The Empty Ocean: Plundering the World’s Marine Life

By Richard Ellis

Washington, D.C.: Island Press/Shearwater Books

In a Perfect Ocean: The State of Fisheries and Ecosystems in the North Atlantic Ocean

By Daniel Pauly and Jay Maclean

Washington, D.C.: Island Press/Shearwater Books

Hierarchical Perspectives on Marine Complexities: Searching for Systems in the Gulf of Maine

By Spencer Apollonio

New York, N.Y.: Columbia University Press

These three books lay out the health of the sea around us, and the picture is not good. Like a full medical report, or perhaps a little more like an autopsy at times, our front yard, the Gulf of Maine, is presented as a very weary patient. In Pauly and Maclean’s book the Gulf is described as having seen a depopulation of most of its large marine animals; Apollonio reveals that the reduction in the iconic codfish might have been a result of our essential misunderstanding of the workings of the ocean ecosystem; and as for The Empty Ocean, well, the name speaks for itself. Students of marine biology, fishermen, environmental advocates and even connoisseurs of chowder should all take note, if they have not already, that not only have great changes been wrought in the makeup and number of fishes and animals (which most everyone knew already), but also that these changes may have far longer lasting and more disruptive effects than we have imagined so far. The rolling, dark Gulf of Maine itself is perhaps a metaphor for our understanding and ability to preserve the health of the seas, in that the harder you look into it, the deeper it seems, and mysterious interactions can be hidden in the depths. One thing is clear from this trio of books, that the waters off our shores are not like they used to be, and we humans are the cause of the change.

In The Empty Ocean, author and marine artist (the book is illustrated with a nice series of his somewhat scientific-looking black-and-white drawings of the species involved) Richard Ellis documents the condition of some 30-odd animals, from the lowly menhaden to the aged leatherback sea turtle, and from the massive elephant seal to the extinct Great Auk. He documents their often-sad stories one after another, and with each one it becomes apparent that this crisis has been some time in coming. One is also left with the startling feeling that this is still happening on our watch. Through numerous facts and historical stories, The Empty Ocean conveys an awe and interest in the animals profiled, while also making the point that they would not be in this book unless they have been actively killed at some time by mankind.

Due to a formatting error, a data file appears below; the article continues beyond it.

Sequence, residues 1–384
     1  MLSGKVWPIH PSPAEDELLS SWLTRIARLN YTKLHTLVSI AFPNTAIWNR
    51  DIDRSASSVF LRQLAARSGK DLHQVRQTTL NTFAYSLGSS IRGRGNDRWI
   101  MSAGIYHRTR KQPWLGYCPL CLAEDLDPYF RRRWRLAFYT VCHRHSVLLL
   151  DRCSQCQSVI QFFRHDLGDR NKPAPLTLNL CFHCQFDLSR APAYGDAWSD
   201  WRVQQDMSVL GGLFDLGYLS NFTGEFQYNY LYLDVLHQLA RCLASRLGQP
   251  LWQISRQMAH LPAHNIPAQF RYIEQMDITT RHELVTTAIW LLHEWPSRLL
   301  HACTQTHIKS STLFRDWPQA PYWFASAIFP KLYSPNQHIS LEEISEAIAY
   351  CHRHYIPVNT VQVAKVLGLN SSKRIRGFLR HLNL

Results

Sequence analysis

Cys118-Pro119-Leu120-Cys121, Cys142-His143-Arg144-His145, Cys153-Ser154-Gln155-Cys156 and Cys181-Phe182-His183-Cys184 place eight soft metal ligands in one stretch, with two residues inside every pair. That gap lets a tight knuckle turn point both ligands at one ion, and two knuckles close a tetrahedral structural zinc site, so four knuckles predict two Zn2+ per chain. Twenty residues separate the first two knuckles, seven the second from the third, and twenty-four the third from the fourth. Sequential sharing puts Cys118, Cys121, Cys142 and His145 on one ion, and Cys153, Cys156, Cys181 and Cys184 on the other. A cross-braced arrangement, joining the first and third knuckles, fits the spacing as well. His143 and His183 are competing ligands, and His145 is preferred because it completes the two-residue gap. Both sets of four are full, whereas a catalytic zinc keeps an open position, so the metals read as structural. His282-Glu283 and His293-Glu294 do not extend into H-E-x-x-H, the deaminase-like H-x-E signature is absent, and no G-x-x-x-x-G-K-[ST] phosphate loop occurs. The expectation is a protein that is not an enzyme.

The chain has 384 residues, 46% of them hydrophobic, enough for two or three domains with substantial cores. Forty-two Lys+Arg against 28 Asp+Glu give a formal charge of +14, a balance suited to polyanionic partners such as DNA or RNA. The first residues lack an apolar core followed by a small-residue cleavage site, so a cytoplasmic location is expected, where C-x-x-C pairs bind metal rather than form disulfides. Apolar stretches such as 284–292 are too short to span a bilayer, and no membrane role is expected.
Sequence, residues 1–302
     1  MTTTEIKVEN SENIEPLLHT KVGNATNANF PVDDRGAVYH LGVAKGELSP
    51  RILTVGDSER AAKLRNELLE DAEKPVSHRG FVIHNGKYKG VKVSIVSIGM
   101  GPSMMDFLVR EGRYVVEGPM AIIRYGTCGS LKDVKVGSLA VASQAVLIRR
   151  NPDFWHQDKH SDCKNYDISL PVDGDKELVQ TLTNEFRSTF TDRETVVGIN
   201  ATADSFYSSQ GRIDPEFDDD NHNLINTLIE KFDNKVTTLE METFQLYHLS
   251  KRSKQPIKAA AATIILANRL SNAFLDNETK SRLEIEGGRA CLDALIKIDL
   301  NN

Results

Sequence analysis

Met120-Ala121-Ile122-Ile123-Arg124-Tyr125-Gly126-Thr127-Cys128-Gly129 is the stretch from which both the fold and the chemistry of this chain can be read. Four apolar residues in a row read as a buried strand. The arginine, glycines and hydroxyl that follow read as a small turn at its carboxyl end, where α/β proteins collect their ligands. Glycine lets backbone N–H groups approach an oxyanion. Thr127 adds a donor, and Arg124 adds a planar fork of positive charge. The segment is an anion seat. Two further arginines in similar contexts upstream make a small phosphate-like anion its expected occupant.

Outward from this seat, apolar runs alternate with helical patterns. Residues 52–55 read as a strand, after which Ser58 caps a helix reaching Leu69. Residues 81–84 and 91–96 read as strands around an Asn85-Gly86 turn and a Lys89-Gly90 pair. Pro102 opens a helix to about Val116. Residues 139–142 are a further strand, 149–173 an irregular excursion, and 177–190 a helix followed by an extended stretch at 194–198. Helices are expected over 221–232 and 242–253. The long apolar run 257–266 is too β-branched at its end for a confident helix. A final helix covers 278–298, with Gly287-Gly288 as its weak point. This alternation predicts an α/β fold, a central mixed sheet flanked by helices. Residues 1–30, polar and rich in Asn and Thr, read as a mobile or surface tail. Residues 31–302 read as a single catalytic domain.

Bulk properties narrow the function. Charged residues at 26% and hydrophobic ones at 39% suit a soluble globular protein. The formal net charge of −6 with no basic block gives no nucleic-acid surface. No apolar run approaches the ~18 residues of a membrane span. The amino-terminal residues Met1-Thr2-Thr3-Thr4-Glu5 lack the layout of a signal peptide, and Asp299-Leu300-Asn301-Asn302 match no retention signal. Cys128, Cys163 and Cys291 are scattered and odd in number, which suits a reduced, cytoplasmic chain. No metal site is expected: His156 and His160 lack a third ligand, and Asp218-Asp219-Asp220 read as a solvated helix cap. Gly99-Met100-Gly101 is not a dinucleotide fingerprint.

In a Perfect Ocean narrows the scope to just the North Atlantic, outlines in scientific detail the fish population declines since 1900 (the loss is roughly a factor of ten), gives the probable causes, and makes solid recommendations for recovery. This willingness to lay out the tough choices needed in black-and-white numerical terms is as awakening as a bad bank statement. In the current environment of searching for ways to reduce the groundfish catches without dislocating traditional fishermen, it is sobering to note the empirical recommendation of reducing groundfish fishing effort by a factor of four, right here in our neighborhood. One of the strongest take-home messages is that we are on the end of a five-hundred-year-long fishing spree, and if we want a change anytime in the future, the time for strong action is right now. Of special interest to Mainers is the mention of the New England lobster fishery as one of the better-managed and healthy examples of area fisheries.

For those who want a structural understanding of how we might have gone wrong in managing our local marine resources, and who have a series of long winter nights and the intellectual stamina to stay the course, Hierarchical Perspectives on Marine Complexities reveals some of the leading ecological thought on our marine system. This is a dense little book, and I dare say if one read and truly understood the entire volume then you would truly know more than I about this problem. Author Spencer Apollonio has been one of Maine’s most successful marine managers, holding top spots in both Maine and regional organizations, and he pulls no punches in delving into the enormous complexity of the inter-species interactions, along with the anthropogenic forces distorting those systems. This book ends without stated recommendations for fisheries management, which is a little frustrating for the reader, but that in itself shows one of the main points of the book, namely that managing the Gulf of Maine back to anything resembling historical levels of production and health will just simply not be easy.